March 29, 2013
Gastroesophageal reflux disease (GERD), more often referred to as heartburn, is one of the most common ailments affecting people today. Over 60 million Americans have problems with GERD—but there are ways to treat the disease.
On Thursday, April 18, Dr. John Koziarski, a member of the Bronson Battle Creek medical staff, will speak at Burnham Brook Center about the ‘New treatments for GERD that may be better than medicines.’ His one-hour talk, which is free to the public, is sponsored through Senior Health Partners in coordination with Bronson Battle Creek.
A light lunch will be provided beginning at 11:30 a.m. followed by Dr. Koziarski’s presentation at noon. Seating is limited. For reservations call toll free 1-877-462-2247.
The esophagus is a long tube about an inch in diameter, which carries the food from the mouth to the stomach. As the name implies, GERD occurs when acid from the stomach (‘gastro’) backwashes (‘reflux’) into the esophagus (‘esophageal’).
The stomach digests the food in many ways, but the two main actions are to mix the food with acid and churn it back and forth. The acid in the stomach is a very strong acid. The stomach lining is made to withstand the burning that this acid would produce to most tissues.
The esophagus, however, does not have a lining that will protect it from the acid. Therefore, if the valve between the esophagus and the stomach does not close tightly the acidic material will leak (reflux) back up into the esophagus and burn the lining of the esophagus. The person will feel this as heartburn or regurgitation (feeling food or liquid coming back up into the throat).
The standard treatment for GERD involves lifestyle changes and medications. Americans spend an estimated $10 billion a year treating the symptoms, but do not eliminate the disease. The strongest medications are the PPIs (proton pump inhibitors – Prilosec, Nexium®, Prevacid®, Protonix, Aciphex®). These drugs may stop the production of acid; however they do not address the problem of the leaking valve.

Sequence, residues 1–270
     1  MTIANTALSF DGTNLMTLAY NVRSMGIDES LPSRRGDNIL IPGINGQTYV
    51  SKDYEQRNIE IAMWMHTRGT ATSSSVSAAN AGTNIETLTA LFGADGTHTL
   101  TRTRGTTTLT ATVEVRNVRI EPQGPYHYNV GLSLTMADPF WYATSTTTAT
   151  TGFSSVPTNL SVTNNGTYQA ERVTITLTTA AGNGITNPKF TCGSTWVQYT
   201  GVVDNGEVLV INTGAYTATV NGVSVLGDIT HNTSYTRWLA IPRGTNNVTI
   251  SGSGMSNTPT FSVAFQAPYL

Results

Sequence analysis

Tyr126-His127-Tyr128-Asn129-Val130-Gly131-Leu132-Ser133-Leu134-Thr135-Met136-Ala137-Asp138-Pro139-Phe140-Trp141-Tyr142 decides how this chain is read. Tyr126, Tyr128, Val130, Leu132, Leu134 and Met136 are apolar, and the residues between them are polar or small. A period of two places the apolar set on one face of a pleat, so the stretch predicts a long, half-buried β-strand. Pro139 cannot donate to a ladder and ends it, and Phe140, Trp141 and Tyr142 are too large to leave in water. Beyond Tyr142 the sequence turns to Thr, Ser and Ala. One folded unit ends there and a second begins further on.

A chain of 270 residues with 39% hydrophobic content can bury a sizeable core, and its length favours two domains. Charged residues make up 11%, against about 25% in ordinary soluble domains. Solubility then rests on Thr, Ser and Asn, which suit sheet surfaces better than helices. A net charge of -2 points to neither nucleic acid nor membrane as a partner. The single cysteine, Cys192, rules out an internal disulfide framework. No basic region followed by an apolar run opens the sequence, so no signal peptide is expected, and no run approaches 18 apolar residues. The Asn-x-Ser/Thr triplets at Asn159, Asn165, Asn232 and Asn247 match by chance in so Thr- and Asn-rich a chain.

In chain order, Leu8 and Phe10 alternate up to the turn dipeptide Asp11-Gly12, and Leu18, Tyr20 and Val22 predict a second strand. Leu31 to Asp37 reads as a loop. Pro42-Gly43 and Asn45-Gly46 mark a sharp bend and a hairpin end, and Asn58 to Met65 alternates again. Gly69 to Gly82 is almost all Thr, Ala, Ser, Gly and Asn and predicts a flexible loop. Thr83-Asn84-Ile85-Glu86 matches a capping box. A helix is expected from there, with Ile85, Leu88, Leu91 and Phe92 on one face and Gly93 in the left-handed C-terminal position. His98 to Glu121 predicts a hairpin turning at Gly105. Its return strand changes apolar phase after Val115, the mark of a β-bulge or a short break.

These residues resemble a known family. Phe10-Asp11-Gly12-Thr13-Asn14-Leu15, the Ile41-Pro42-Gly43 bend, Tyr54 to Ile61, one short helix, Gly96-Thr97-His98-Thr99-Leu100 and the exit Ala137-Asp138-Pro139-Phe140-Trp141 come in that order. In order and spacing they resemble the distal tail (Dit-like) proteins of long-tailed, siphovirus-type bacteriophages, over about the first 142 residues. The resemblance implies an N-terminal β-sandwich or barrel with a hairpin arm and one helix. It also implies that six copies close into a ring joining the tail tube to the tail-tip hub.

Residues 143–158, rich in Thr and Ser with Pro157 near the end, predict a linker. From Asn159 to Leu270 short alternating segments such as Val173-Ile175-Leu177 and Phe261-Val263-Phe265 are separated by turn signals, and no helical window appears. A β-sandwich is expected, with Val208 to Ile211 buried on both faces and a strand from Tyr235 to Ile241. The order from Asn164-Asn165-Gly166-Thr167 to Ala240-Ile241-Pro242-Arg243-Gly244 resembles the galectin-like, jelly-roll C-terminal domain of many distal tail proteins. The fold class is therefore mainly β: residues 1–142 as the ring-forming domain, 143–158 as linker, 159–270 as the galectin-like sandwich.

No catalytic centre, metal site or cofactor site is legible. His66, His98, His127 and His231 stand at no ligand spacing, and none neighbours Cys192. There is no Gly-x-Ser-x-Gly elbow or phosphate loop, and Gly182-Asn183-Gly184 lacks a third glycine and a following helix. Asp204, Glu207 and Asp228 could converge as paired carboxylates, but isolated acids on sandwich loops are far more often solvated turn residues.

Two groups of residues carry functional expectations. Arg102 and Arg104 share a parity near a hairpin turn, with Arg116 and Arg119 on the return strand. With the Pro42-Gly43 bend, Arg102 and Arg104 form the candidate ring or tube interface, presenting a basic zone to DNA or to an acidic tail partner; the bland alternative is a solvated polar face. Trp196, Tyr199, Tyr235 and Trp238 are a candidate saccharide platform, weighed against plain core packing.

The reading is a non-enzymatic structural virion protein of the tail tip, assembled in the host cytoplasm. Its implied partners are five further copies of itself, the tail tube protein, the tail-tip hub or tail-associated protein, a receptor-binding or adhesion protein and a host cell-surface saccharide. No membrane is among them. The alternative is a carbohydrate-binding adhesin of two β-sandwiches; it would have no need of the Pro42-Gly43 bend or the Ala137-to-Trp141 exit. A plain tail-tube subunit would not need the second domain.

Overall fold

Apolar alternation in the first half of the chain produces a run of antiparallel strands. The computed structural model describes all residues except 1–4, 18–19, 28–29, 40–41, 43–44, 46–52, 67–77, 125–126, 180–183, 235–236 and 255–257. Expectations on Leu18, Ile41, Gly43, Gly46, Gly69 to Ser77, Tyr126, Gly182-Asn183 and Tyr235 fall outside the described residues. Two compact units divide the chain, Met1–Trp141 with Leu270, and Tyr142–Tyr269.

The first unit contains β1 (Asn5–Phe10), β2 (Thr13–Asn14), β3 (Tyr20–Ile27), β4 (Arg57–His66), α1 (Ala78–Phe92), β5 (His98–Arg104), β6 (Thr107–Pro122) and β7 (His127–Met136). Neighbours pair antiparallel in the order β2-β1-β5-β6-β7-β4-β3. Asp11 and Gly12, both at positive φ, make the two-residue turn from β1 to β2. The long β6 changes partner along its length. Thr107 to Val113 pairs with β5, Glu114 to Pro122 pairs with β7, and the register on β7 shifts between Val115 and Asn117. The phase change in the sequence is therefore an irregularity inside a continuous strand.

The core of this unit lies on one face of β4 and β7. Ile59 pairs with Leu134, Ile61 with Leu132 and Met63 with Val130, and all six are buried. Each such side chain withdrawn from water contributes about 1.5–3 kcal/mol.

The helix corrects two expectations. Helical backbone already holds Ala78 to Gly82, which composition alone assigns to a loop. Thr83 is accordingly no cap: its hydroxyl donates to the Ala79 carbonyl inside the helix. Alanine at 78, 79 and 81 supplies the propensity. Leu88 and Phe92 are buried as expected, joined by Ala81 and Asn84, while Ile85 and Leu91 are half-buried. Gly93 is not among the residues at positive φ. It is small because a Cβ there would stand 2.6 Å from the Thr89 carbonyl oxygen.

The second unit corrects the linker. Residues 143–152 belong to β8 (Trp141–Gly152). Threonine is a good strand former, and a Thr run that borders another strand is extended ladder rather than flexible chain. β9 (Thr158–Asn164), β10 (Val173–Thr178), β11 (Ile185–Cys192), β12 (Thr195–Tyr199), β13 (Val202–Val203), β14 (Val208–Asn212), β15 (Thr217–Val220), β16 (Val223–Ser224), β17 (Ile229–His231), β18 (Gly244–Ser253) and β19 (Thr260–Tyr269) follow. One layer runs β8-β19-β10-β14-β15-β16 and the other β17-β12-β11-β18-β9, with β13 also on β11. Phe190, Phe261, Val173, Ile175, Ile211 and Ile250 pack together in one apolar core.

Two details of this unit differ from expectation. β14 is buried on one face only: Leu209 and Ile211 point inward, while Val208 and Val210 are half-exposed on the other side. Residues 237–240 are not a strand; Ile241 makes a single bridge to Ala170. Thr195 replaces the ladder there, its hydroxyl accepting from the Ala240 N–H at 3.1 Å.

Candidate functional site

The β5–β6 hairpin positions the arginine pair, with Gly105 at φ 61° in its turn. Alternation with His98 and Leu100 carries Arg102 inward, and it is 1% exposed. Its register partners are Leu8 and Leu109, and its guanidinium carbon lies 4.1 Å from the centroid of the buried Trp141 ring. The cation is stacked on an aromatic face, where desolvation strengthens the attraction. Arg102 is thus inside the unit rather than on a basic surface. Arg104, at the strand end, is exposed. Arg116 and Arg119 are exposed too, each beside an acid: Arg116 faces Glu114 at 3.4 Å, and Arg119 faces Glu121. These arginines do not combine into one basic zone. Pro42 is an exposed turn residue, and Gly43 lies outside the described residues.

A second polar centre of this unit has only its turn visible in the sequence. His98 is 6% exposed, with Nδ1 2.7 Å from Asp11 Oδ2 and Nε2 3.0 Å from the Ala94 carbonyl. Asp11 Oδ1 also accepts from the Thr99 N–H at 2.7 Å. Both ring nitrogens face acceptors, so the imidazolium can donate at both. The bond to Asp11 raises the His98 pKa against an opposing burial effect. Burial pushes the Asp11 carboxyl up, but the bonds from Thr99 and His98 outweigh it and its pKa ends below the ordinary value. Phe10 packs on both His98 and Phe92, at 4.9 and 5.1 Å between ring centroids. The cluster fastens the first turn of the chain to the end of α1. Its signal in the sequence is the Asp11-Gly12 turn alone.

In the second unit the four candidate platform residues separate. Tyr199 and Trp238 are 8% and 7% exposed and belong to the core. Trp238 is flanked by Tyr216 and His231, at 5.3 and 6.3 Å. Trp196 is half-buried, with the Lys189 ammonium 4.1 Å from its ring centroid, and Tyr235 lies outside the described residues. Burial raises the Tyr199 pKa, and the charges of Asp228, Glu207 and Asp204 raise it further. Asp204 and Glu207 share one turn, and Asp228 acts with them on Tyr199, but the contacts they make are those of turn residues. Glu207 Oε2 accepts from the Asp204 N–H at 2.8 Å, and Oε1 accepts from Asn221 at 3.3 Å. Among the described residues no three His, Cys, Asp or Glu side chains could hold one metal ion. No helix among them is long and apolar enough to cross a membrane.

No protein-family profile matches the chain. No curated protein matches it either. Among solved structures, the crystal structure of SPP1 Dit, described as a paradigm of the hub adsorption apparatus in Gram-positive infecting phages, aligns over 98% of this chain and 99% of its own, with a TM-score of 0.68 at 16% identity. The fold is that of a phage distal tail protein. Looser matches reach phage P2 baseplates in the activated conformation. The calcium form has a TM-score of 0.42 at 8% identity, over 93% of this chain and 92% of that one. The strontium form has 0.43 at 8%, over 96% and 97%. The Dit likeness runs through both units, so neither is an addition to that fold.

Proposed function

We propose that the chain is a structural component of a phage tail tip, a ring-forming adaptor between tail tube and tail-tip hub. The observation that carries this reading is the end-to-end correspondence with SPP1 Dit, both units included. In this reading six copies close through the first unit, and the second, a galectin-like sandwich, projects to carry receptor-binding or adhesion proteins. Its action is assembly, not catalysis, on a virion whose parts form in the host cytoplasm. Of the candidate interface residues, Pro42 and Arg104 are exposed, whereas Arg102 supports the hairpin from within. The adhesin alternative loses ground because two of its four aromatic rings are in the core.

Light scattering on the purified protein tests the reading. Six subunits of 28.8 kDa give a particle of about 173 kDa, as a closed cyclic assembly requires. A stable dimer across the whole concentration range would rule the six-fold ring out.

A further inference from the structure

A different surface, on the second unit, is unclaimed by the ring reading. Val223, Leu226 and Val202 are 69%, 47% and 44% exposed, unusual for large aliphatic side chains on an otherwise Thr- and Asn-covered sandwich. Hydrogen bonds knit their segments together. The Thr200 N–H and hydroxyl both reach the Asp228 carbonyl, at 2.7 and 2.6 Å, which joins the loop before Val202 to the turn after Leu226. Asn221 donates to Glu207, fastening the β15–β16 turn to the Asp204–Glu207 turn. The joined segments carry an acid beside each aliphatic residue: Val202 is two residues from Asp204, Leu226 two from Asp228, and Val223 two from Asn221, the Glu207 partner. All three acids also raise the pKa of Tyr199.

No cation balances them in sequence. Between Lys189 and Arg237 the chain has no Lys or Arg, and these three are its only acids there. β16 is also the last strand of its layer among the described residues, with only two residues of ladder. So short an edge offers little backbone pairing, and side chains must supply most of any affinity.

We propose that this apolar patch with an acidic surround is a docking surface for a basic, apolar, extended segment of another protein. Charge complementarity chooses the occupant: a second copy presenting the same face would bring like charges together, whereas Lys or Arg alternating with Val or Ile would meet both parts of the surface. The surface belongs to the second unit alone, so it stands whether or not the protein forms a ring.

Therefore, the stomach contents are still washing up into the esophagus, but since they are not as acidic, the burning is reduced or eliminated. In many patients, even though the medications do control the symptoms, they will need to take them every day for the rest of their life. The long-term effects of taking these medications are still being studied. There are also significant costs associated with long-term use of these medications. Even the generic, over the counter ones can cost $1 per pill.
Surgical procedures to address GERD have been developed over the years. The basic component of the repair is to re-establish the valve between the esophagus and the stomach. This allows the stomach to continue to produce acid (which is needed for digestion), but keeps the acid from refluxing into the esophagus.
The newest procedure to correct the faulty valve is called transoral incision less fundoplication (TIF). This procedure involves recreating the valve through the mouth, throat, and down the esophagus thereby avoiding any incisions on the abdomen.
It takes about 45 minutes to perform and patients spend the night in the hospital for intravenous fluids—liquids can be started the next day. Since there are no incisions, there is very little pain after the procedure. Over the next four to six weeks patients can start to lift more, and advance from liquids to soft to regular foods.
Senior Health Partners, a community partnership of Bronson Battle Creek, CentraCare, Region 3B Area Agency on Aging, and Summit Pointe, works to expand wellness and educational offerings to senior citizens in Calhoun and surrounding counties.
Bronson Battle Creek is a 218-bed hospital that provides full outpatient and inpatient acute care including robotic surgery, diagnostics, and rehabilitation services; 100% all private rooms. It also offers world-class diagnostic capabilities including PET/CT imaging, freestanding ‘open’ and traditional MRI, CT (16- and 64-slice), and 3.0 Tesla MRI. Bronson Battle Creek has been recognized nationally as one of the safest hospitals, and has been a leader in the development of electronic health records as evidenced by multiple honors as one of America’s ‘most wired’ and ‘most wireless’ hospitals. The Commission on Cancer of the American College of Surgeons recognizes the Bronson Battle Creek Cancer Care Center as a Comprehensive Community Cancer Program, and the only hospital in Michigan to receive the CoC’s Outstanding Achievement Award three times in a row. Specialty services include inpatient behavioral health, the county’s largest accredited sleep center, and a wound-healing center with hyperbaric oxygen therapy. For nine years, Bronson Healthcare has been included on Working Mother magazine’s 100 Best Companies list as a leading family friendly employer.